Concerns about the escalating global spread of COVID-19 panicked the markets big time at the close of the month. With investors rushing to the sidelines, it only took five days for the Dow Jones Industrial Average to drop more than 10% from its all-time high, getting close to the 30,000 mark. That dramatic reversal brought back memories of the financial crisis of 2008, and the event writes itself into the history books as the fastest market correction of all time.

Coronavirus brings funding response from U.S. government…

The U.S. Senate passed by a vote of 96-1 the spending bill for the outbreak of the new coronavirus (COVID-19). The bill provides $7.8 billion in new funds to tackle the outbreak and another $490 million in existing funds for telehealth, all with the aim of speeding the response to the pathogen.

…and biopharmaceutical companies

More and more companies are rising to the coronavirus challenge. Vir Biotechnology Inc. and Alnylam Pharmaceuticals Inc. are among the latest companies, with the announcement that they are expanding an infectious disease collaboration begun three years ago to take on the coronavirus. The effort now includes developing and commercializing RNAi therapies targeting SARS-CoV-2, the virus that triggers COVID-19, by researching siRNAs identified by Alnylam. Sihuan Pharmaceutical Holdings Group Ltd. said it has initiated clinical trials of broad-spectrum antiviral favipiravir to treat COVID-19. China now has six clinical trials investigating the drug, originally developed for influenza and also tested against Ebola virus disease. Arcturus Therapeutics Holdings Inc. said it is partnering with Duke-NUS Medical School, a collaboration between Duke University and the National University of Singapore, to develop a vaccine to treat the coronavirus COVID-19 for Singapore. The alliance will employ the company’s STARR technology, which combines self-replicating RNA with LUNAR – a nanoparticle nonviral delivery system – to produce proteins inside the human body, together with a platform developed at Duke-NUS allowing rapid screening of vaccines for effectiveness and safety. Algernon Pharmaceuticals Inc. is exploring the use of NP-120 (ifenprodil) as a treatment for the coronavirus that causes COVID-19. The drug reduced acute lung injury and improved survival in mice infected with H5N1 influenza virus. Generex Biotechnology Corp. has signed a contract covering the use of computational tools developed by Epivax Inc. to predict epitopes that can be used to generate peptide vaccines against the nCOV-2019 coronavirus using Ii-Key technology from Nugenerex Immuno-Oncology (formerly Antigen Express Inc.), a wholly owned Generex subsidiary. Immunoprecise Antibodies Ltd., through its subsidiary, Talem Therapeutics, and Evqlv Inc., announced a new collaboration aimed at accelerating the global effort to develop lead therapeutic and vaccine candidates against the SARS-CoV-2 virus. Takeda Pharmaceutical Co. Ltd. said it has started development of TAK-888, an anti-SARS-CoV-2 polyclonal hyperimmune globulin product to treat high-risk individuals with COVID-19. The drug will be made from the plasma of patients who have successfully recovered from the disease.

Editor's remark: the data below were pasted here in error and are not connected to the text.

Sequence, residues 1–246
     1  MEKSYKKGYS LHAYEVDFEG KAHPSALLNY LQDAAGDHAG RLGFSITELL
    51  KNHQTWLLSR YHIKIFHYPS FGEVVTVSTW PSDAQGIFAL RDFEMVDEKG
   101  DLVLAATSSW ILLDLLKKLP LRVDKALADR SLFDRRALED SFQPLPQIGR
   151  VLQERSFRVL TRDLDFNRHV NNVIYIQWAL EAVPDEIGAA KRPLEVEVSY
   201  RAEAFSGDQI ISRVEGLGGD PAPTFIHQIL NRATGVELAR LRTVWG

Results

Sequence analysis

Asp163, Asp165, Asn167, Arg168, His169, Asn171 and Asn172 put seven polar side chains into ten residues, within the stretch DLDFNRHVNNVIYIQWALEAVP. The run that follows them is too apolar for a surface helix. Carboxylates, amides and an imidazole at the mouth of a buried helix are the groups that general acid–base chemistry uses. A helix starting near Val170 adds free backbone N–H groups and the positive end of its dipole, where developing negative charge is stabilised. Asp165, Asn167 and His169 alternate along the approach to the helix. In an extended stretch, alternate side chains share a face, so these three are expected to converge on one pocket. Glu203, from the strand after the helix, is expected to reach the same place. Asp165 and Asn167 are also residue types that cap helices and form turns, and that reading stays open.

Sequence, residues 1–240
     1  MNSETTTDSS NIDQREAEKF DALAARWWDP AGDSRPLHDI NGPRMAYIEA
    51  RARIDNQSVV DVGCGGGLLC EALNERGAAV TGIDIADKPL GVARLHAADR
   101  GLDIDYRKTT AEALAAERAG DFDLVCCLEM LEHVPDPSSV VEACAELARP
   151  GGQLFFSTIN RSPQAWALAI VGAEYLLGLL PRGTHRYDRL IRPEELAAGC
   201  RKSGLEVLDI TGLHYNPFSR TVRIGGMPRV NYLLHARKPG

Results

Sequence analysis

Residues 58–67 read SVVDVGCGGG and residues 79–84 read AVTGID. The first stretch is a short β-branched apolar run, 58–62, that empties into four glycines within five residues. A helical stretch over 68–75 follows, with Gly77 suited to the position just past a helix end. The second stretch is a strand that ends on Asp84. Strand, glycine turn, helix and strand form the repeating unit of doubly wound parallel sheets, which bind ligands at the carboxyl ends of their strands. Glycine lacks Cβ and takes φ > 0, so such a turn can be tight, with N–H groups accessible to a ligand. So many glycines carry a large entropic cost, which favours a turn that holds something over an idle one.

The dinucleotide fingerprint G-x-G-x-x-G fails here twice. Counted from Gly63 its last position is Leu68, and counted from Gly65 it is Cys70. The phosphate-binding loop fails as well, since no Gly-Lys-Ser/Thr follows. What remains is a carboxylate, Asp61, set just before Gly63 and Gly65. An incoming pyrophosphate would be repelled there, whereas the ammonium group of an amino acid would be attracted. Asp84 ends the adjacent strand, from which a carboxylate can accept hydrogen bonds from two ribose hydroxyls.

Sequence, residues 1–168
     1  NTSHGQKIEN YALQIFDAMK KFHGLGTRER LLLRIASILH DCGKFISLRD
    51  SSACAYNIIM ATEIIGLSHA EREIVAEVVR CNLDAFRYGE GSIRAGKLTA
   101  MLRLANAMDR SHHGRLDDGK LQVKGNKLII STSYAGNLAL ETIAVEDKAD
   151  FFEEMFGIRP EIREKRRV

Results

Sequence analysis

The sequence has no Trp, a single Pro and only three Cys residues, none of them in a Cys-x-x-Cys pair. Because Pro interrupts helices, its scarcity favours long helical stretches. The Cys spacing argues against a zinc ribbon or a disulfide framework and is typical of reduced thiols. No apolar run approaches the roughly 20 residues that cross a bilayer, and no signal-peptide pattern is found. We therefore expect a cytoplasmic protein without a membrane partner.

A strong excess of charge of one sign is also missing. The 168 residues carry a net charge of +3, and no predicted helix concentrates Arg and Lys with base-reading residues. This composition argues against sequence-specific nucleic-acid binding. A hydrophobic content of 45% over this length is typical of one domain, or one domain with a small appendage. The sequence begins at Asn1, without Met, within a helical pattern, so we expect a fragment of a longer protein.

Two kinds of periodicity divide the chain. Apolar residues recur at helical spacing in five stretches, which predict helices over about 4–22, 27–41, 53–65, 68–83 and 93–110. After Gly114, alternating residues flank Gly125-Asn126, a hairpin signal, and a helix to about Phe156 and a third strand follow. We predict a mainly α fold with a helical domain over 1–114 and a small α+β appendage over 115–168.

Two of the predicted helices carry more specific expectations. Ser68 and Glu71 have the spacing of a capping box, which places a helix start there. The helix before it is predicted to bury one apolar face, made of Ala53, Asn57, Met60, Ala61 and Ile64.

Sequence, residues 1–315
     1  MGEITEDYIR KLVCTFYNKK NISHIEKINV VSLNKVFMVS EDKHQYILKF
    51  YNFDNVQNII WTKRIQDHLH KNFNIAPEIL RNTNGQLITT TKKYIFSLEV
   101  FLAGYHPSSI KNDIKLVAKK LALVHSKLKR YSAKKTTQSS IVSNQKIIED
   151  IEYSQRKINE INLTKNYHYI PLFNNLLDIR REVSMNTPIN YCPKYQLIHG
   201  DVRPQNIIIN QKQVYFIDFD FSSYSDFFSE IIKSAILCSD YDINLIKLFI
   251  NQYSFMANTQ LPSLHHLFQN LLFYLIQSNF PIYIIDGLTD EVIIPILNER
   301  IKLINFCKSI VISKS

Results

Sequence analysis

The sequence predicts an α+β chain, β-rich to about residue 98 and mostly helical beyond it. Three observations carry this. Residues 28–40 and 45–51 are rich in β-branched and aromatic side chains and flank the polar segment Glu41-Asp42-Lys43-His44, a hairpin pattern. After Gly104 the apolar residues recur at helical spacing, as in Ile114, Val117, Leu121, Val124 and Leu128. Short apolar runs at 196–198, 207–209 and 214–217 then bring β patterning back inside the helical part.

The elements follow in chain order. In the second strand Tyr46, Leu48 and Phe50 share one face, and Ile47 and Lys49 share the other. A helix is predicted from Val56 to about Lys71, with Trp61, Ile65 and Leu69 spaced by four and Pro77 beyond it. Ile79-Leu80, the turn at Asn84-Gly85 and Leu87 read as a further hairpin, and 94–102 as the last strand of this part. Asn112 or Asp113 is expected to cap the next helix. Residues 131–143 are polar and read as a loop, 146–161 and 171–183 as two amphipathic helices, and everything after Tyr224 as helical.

As a result of those new announcements, the list of biopharma companies and nonprofit entities, including academia, working feverishly to find a vaccine or antiviral treatment to address the rapidly spreading coronavirus (COVID-19) has more than doubled, increasing from about 30 a few weeks ago to 71 as of March 6.

FDA gives green light to MM combo

Sanofi SA won FDA clearance of the intravenously given CD38-directed cytolytic antibody Sarclisa (isatuximab-irfc) in combination with pomalidomide (Pomalyst, Celgene Corp.) and dexamethasone (dex) for adults with multiple myeloma (MM) who have received at least two prior therapies, including lenalidomide (Revlimid, Celgene Corp.) and a proteasome inhibitor. Sarclisa gained the go-ahead, well in advance of its April 30 PDUFA date, based on the results of a 307-patient study. Enrolled were subjects with relapsed/refractory MM who had failed at least two prior therapies, including lenalidomide and a proteasome inhibitor.

Deals of the week

Gilead Sciences Inc. will acquire Forty Seven Inc. for $4.9 billion, or $95.50 per share in cash, bringing in-house magrolimab, an anti-CD47 monoclonal antibody being developed to treat several cancers, including myelodysplastic syndrome, acute myeloid leukemia and diffuse large B-cell lymphoma. SVB Leerink analyst Geoffrey Porges said the deal represents “a reasonable late-stage oncology asset for Gilead to acquire, but [we] do not see it as a foundational oncology platform for Gilead.”

Abpro Therapeutics Inc. has granted an exclusive license to Abpro Bio Co. Ltd., the former Ugint Co. Ltd., to develop and commercialize two bispecific antibodies in Asian markets, including greater China, Japan and South Korea. Abpro will receive up to $1.1 billion from Abpro Bio, including a $30 million up-front equity investment and an additional $1.05 billion based on clinical milestones, post-approval payments and royalties as the antibodies progress through clinical development and regulatory approvals.